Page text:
Coming six weeks before national midterm elections, the allegations involving 14 1/2 tons of marijuana found on property belonging to the senator's family have inflamed suspicions widely held by Mexicans that many politicians are in cahoots with powerful drug traffickers.
Sen. Ricardo Monreal of Zacatecas state has acknowledged that the property where the pot was found, in a pepper-drying warehouse, belongs to one of his brothers. But he claims the drug was planted by political rivals.
Monreal is a former governor of Zacatecas, and another brother, David, is mayor of the city, Fresnillo, where the warehouse is located and is a likely candidate in separate elections for the governorship next year.
Mexican Interior Minister Fernando Gomez Mont confirmed that the Monreal property was under investigation after the Jan. 22 raid. With that, a rare public acknowledgment of an ongoing investigation, Sen. Monreal said he had to step aside for a three-week period while the probe runs its course.
"I cannot remain quiet, nor permit that the men and women of Mexico think all of us politicians are alike," Monreal said. "That we all hide behind constitutional protection to avail ourselves of impunity and corruption. I will not form part of that mafia."
That is, in fact, exactly what many Mexicans think of their political elite. Despite years of rumors and allegations that a number of senior political figures have colluded with or been paid off by traffickers, few, if any, are ever prosecuted or jailed, and in fact they often continue unimpeded in their political careers.
"At the least, the senator is covering up. When will our people learn to deny the vote to those who don't deserve it?" read a letter to the editor in the Reforma newspaper. The writer added that Mexican society was "hurt and offended" by what he called cynical and criminal behavior.
It's not the first time Monreal has been dogged by such allegations. In the late 1990s, rumors that his brothers were mixed up with traffickers cost him his party's candidacy for the Zacatecas governorship. He quit the Institutional Revolutionary Party, or PRI, jumped to another party and won the election anyway.
The taint of drug trafficking has touched nearly every political party in Mexico. The PRI's national president, Beatriz Paredes, was quoted Wednesday as saying she had submitted the names of several candidates to authorities for vetting because of suspicions about them in some quarters. They included the PRI's candidate for the governorship of Colima, Mario Anguiano, whose brother is in jail on drug charges, Paredes told Reforma. All were cleared, she added.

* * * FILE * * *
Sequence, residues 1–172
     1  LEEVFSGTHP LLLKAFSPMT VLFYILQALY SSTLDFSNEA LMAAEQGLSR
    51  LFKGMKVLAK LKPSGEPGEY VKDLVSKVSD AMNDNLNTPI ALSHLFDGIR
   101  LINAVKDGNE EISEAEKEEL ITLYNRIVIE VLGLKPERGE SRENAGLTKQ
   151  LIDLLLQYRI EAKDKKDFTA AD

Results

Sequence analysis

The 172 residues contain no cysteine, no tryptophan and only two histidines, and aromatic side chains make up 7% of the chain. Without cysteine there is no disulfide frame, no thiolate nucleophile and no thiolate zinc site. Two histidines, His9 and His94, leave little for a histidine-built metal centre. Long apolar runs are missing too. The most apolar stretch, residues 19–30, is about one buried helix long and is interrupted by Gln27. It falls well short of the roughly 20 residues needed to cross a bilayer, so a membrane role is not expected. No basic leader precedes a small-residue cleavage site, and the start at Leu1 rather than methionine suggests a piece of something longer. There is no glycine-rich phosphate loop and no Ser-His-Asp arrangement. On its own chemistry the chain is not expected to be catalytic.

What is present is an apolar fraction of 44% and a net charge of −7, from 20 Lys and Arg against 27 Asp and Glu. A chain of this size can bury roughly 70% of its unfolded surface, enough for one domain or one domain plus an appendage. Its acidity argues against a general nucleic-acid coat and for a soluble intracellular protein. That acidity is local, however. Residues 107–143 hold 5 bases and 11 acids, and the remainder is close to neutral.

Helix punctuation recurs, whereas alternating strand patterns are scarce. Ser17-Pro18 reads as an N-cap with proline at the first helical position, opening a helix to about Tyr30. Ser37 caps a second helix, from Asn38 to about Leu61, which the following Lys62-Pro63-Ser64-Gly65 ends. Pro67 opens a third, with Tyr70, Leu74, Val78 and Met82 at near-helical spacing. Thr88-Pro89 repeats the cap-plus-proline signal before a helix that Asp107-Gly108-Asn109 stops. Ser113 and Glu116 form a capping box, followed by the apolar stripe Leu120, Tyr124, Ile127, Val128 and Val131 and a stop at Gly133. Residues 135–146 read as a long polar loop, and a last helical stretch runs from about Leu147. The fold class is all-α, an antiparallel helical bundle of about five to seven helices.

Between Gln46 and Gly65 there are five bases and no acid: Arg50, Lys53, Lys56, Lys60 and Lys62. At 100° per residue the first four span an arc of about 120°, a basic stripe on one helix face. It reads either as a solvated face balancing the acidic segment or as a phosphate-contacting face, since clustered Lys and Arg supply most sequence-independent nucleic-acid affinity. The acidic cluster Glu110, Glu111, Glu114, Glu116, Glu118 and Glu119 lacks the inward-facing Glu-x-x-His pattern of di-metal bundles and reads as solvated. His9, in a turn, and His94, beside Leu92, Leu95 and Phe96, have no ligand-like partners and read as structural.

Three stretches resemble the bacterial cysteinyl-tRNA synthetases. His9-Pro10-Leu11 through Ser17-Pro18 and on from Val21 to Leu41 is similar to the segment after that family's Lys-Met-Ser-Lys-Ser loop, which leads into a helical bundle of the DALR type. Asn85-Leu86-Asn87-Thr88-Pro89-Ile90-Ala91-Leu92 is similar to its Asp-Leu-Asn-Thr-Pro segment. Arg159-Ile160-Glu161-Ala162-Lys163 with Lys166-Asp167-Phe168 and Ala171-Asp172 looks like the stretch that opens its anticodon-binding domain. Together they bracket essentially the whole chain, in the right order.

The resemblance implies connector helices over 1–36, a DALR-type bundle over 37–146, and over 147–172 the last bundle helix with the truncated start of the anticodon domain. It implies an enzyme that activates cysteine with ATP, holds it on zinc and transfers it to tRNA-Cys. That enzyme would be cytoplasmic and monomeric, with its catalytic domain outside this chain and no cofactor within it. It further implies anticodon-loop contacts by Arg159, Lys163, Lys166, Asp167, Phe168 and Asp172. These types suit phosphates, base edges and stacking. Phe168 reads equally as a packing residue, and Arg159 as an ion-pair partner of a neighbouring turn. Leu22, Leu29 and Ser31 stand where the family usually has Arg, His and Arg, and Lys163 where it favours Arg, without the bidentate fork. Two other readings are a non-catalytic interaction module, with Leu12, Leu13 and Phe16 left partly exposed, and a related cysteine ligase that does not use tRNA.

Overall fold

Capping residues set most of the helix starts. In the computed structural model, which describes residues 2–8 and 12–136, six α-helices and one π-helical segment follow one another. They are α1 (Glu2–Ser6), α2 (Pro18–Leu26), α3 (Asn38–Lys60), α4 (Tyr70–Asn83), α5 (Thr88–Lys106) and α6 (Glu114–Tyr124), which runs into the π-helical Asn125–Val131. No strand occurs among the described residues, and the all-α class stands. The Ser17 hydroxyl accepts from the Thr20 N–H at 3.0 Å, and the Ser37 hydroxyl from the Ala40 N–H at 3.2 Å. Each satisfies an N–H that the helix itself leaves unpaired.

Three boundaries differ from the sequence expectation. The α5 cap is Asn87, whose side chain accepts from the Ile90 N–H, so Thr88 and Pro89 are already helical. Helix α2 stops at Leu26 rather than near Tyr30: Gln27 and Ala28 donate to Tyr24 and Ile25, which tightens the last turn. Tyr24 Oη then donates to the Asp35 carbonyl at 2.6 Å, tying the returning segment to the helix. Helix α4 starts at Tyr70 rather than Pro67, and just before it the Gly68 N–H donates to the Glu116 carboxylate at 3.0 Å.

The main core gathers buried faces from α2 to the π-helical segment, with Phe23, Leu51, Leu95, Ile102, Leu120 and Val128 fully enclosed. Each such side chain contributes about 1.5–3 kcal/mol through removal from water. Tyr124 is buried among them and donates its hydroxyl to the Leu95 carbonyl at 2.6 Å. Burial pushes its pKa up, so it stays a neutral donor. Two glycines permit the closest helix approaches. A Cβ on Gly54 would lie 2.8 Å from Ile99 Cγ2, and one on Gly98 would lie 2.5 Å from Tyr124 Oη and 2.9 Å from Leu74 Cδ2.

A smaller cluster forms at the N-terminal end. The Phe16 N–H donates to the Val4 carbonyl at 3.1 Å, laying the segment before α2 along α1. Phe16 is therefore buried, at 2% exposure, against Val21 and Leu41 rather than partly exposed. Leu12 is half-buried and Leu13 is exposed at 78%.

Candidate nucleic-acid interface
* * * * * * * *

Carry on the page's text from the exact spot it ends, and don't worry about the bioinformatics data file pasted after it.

On July 5, Mexicans will vote nationwide for a new Chamber of Deputies, the 500-member lower house of Congress, and in six states for governor.
Monreal's difficulties now are also part of a political feud between his family and that of Gov. Amalia Garcia, ultimately over control of Zacatecas and the lucrative business that goes with it, analysts say.
Monreal and Garcia have been trading insults and accusations after people in her government circulated a video highlighting the raid on the Monreal property. Monreal retaliated and said last weekend's prison break in Zacatecas, in which 53 narco hit men and others escaped, shows that Garcia's government is working with criminal syndicates.
He went on to suggest that Garcia's allies had planted the marijuana on his brother's farm as part of a "dirty war" against the family.
Garcia, who has acknowledged that the prison break was an inside job and has arrested or fired dozens of prison officials, shot back that Monreal was a "coward" grasping for more power.
As it happens, two of the escapees, Reynaldo Piña Resendez and Jorge Cervantes Rodriguez, are alleged gunmen with the Gulf cartel captured in the raid that netted the marijuana on the Monreal property.